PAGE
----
| 1:34 am on Sep 8, 2002 (gmt 0)|
I would like to know more about how you can be 100% sure you log when the page has been loaded? :)
| 2:10 am on Sep 8, 2002 (gmt 0)|
| 10:18 pm on Sep 8, 2002 (gmt 0)|
I can't add to my earlier explanation of how "page loaded" is measured, I juss call the Java Script function provided.
| 11:03 pm on Sep 8, 2002 (gmt 0)|
The reason I am asking is that as far as I know it is not possible to measure when a page has finally loaded unless you check the data packages. However, I could be wrong, so I'd just like to know how you do it (or the ones who supplied the script)
I can imagine one way that they "think" they can do it - and that would be by placing some code in the end of the HTML that calls the function. However, I do not believe there is any way to controll what objects are being loaded first or last so the script don't have to be loaded last just because it's last in the code.
The reason I am digging into this is that your numbers do not sound right to me. I very much doubt your average user can download with that speed.
Denmark (and Scandinavia) is one of the places with the highest broadband penetration and we don't get anywhere close to that (measure on network level).
Also, even if most users will download your entire pages do not expect spiders to do so. 100 k is lot - if you multiply that by 2.5 billion pages... and growing! You should not expect spiders to eat all that :)
| 9:14 am on Sep 9, 2002 (gmt 0)|
| 7:29 pm on Sep 9, 2002 (gmt 0)|
With the limited documentation available it is hard to say if it works or not - but I doubt it :)
| 10:02 am on Sep 11, 2002 (gmt 0)|
| 12:25 pm on Sep 11, 2002 (gmt 0)|
I have so far only seen two ways to determine that - and one one that is bullet proof.
You can compare the downloaded file sizes with the actual file sizes. If the file returned from the server is smaller than the actual file you know they didn't get all of it - but you don't know why (don't the session terminate? Did they hit http stop request? Or did something else happen...?)
Using Network Package Sniffing you can grab the stop request and also analyse the raw data packages to compare what is requested and what is returned - not what the server return, but what is actually transmitted as data to the client.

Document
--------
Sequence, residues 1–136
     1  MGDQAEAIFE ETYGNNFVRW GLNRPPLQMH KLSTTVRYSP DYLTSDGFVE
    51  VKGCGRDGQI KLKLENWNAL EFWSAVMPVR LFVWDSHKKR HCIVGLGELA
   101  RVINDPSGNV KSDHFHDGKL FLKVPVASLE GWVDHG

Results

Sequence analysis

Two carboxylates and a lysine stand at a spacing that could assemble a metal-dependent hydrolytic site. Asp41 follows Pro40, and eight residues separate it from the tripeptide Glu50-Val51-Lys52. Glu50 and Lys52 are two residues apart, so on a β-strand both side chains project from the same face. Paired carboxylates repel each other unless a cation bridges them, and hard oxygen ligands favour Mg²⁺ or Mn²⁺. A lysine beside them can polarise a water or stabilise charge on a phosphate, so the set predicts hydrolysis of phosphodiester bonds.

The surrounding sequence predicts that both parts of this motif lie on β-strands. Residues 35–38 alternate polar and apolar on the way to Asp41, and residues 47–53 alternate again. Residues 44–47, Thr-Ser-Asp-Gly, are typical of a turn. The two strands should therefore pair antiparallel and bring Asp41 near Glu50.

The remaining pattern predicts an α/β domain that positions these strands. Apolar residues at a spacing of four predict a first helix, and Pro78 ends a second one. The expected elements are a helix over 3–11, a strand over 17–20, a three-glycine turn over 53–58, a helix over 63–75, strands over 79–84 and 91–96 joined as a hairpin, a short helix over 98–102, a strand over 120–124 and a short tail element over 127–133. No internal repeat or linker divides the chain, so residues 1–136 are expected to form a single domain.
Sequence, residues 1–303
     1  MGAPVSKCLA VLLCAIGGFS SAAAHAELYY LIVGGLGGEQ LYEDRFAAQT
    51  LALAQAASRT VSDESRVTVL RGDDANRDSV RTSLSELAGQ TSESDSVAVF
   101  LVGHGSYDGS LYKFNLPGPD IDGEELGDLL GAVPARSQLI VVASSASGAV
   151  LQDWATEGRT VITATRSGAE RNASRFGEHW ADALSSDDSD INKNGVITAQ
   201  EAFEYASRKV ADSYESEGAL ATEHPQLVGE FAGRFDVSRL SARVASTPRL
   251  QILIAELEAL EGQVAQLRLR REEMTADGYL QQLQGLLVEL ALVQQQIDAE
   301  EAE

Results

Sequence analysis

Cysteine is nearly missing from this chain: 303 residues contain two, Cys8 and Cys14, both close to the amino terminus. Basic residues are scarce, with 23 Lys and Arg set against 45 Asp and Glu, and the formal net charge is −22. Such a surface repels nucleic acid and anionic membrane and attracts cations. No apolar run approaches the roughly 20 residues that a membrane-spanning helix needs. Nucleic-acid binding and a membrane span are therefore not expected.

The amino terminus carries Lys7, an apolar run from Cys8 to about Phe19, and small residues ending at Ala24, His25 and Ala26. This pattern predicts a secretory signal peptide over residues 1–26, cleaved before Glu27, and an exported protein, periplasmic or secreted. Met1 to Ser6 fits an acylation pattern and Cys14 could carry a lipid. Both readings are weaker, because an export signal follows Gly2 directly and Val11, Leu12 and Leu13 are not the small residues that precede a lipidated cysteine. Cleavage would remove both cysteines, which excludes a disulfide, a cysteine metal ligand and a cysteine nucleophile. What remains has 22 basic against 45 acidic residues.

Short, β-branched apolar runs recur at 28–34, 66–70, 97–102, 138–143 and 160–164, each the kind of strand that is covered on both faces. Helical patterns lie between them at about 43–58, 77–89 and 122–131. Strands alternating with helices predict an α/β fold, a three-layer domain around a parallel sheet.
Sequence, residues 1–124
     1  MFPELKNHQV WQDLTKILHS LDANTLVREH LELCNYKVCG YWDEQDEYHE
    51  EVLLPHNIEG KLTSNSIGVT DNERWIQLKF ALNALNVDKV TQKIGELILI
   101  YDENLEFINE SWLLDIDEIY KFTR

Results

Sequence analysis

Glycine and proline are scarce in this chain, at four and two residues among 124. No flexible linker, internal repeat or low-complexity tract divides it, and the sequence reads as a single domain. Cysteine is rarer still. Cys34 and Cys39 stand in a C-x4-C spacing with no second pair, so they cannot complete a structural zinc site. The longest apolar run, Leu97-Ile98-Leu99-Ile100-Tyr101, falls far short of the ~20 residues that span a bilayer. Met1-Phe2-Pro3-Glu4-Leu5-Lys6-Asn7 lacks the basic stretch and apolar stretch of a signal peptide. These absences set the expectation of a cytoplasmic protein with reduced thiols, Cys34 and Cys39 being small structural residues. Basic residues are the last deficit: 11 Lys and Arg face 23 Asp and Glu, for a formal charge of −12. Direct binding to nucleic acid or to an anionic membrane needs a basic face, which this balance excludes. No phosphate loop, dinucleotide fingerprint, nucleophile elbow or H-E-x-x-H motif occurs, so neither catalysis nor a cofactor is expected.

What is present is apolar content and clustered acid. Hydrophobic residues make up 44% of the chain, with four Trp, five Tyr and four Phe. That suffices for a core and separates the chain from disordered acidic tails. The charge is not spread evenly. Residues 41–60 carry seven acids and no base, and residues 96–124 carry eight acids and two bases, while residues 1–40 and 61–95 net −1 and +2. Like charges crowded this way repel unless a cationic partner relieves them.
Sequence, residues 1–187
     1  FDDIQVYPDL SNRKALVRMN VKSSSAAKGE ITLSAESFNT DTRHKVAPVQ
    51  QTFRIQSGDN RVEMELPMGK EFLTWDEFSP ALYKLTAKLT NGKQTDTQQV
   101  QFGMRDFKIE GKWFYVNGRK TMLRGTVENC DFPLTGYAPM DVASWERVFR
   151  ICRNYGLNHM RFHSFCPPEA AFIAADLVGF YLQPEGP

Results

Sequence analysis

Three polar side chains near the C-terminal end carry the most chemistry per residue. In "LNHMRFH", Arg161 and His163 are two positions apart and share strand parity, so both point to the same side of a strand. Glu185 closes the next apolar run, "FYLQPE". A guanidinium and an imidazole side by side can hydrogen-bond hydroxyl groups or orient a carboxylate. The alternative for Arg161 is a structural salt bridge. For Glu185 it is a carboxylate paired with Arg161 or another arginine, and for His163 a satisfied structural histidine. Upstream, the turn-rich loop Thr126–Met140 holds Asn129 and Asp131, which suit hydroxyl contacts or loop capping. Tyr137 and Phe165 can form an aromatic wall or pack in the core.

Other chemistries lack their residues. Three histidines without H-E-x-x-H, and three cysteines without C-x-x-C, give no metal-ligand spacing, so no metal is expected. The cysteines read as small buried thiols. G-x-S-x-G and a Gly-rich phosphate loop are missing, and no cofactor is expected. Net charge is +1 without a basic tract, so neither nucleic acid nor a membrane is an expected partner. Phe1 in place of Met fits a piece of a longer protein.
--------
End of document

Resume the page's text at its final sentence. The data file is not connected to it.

I believe the last solution is the best (but also very pricey!)
| 8:40 am on Sep 12, 2002 (gmt 0)|
check [htmlcompendium.org,...] they have a good section of this with examples you can try in different browsers... But I would go with comparing file sizes as (a) it reduces the amount of code to be maintained on a page and (b) doesn't rely on the user
| 9:50 am on Sep 12, 2002 (gmt 0)|
I would have thought the browser will know when the page is completely loaded, as it is issuing HTTP GET requests for all page elements, and will be able to read EOT from the pipes in all cases.
When there are no more open GET requests, the page is fully loaded.
| 10:10 am on Sep 12, 2002 (gmt 0)|
Yes, onLoad should fire when the page is completely loaded, including graphics etc.
Whether all browsers have this correctly implemented I'm not sure, I read somewhere that it might sometimes be buggy (no details given though, it was actually in a rant on a blog about why Mozilla is better than IE, so of questionable credibility).
Your logs might also be skewed a bit by people with graphics turned off (although I don't believe those could be more than 1%), plugins not installed, etc.
Also, the average speed alone might not be enough detail. Maybe a few people on very fast provider/office lines are skewing that.
| 10:38 am on Sep 12, 2002 (gmt 0)|
Good points all, c3oc3o, thanks.